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What would it be like to chronicle one’s life in the third person? I’ve read countless blogs, and overwhelmingly they speak from the ‘I’, with a few presuming toward a semi-objective commentary.

Siona wanted to write about last night’s trip to the emergency room, and what it was like to sit by a loved one—first scared and struggling, and then later, asleep—watching through exhausted eyes the punctuated arrival of strangers. And more than that, she wanted to write about each unhappy visitor, to tell the story of the man who’d been found quietly dying on the side of the road, the teenager in a torn sequinned dress who’d been turned into a child by tears and fear, the twenty-something anxiously holding his angrily-angled left arm. She wanted to chronicle their briefly entangled stories, weaving the night into a tale of interconnection and meaning, capturing these sudden inadvertent worshippers of life.

She wanted to, but felt uncomfortable even confessing this. She felt uncomfortable because she knew as well as anyone the intimacy of tragedy. She felt uncomfortable because she knew her attempts to connect these strangers would be dishonest. For all the closeness of space and circumstance, those she shared the hall with spent their nights alone, each trapped in their own invisible world of surprise and confusion and pain. Still, they were beautiful, she thought. Still, she had to write something.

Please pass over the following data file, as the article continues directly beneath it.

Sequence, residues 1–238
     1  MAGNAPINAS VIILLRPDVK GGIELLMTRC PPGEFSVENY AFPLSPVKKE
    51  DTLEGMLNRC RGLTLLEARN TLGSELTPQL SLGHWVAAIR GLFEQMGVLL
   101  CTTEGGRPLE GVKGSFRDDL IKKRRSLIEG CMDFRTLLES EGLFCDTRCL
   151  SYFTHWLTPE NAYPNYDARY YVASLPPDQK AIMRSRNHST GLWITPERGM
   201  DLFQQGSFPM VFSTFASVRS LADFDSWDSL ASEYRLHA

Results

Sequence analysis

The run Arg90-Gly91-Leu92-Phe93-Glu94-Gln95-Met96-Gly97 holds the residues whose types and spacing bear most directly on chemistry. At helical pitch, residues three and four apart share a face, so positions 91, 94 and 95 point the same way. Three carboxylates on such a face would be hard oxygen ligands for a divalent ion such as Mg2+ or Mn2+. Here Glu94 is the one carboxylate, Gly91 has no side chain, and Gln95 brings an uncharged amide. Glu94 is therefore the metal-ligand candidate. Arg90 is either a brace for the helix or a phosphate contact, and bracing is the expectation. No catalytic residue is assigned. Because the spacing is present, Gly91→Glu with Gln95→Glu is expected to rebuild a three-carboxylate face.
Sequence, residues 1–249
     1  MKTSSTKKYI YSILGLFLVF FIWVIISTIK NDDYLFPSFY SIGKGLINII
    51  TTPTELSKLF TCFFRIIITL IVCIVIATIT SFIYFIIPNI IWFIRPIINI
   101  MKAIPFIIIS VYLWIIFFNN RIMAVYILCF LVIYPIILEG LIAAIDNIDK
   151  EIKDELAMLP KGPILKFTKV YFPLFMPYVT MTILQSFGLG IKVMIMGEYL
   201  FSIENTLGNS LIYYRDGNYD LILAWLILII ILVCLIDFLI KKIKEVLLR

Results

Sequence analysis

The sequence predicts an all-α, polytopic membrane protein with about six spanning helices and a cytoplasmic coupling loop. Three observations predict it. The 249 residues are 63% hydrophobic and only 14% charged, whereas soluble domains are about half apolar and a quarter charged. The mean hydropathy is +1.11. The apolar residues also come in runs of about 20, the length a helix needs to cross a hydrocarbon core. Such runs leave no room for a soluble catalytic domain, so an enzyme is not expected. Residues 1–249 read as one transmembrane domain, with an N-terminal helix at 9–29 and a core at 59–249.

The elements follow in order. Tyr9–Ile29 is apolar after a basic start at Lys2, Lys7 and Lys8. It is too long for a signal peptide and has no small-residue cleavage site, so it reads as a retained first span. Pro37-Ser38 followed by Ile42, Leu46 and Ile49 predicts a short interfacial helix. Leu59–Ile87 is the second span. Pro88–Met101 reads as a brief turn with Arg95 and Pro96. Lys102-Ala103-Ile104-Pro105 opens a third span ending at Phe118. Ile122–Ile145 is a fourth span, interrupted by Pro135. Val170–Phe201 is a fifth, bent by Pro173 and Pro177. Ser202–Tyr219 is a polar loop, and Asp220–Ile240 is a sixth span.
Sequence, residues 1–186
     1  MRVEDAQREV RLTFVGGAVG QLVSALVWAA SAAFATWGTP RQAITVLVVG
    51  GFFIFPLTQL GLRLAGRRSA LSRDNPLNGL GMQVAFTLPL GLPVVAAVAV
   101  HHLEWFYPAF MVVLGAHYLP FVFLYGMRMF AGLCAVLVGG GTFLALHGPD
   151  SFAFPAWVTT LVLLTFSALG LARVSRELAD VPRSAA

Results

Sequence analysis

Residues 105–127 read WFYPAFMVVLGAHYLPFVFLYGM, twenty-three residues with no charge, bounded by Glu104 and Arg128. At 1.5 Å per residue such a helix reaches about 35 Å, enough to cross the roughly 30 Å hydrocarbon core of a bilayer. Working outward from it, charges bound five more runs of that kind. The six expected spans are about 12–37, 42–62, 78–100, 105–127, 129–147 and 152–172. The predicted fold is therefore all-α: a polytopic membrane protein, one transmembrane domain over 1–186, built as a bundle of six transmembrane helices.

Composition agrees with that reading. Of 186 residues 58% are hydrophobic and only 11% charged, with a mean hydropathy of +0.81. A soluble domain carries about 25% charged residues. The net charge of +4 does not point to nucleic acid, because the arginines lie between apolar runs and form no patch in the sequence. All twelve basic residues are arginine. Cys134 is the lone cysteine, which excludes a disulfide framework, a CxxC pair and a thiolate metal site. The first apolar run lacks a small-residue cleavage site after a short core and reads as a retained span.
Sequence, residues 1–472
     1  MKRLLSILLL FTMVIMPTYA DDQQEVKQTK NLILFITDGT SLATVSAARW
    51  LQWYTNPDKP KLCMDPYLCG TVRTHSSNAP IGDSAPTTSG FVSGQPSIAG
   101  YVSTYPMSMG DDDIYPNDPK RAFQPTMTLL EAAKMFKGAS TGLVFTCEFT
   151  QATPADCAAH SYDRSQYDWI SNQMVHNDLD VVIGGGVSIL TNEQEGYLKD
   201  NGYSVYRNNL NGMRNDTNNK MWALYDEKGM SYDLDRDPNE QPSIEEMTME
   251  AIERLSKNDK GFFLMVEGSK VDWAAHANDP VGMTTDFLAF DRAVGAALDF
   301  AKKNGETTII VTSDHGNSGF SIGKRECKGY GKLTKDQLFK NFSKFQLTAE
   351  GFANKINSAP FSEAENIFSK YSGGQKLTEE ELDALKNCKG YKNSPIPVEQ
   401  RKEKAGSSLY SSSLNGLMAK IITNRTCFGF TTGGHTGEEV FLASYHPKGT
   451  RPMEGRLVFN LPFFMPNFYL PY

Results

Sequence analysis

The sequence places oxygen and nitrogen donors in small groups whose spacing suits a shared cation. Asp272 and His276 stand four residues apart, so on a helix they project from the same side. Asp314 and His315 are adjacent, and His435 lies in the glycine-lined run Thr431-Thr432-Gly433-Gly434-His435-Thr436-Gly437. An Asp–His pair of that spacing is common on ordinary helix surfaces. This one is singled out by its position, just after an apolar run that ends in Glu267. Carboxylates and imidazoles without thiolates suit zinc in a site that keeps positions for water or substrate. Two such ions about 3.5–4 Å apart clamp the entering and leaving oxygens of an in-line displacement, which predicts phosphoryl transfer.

So she tried, though it all felt more like a dream, and though it didn’t really feel like hers.


I wanted to put this more poetically, but I’m not sure how.

Sometimes, when a ram or a goat is dehorned, the bud is not entirely cauterized. When this occurs, the horn, instead of disappearing, returns as a scur–growing back in a malformation that penetrates the animal’s skull. Of course it takes time for the slow inexorable pressure to kill the creature, and typically the beast goes mad with pain before it dies.

Of course this reminded me what often happens when we try to truncate our own greatness.


On my way to work this morning I passed a runner in a bright red shirt. He had paused on the meridian to catch his breath, and was posed, legs wide and arms akimbo, like some capeless and hopeful superhero.

Although there was nothing to rescue, although the traffic streamed blindly by, for a brief second he froze the world, and for a brief moment, saved my life.

It didn’t last–such moments never do–but it was a brilliant act regardless.

à un moment.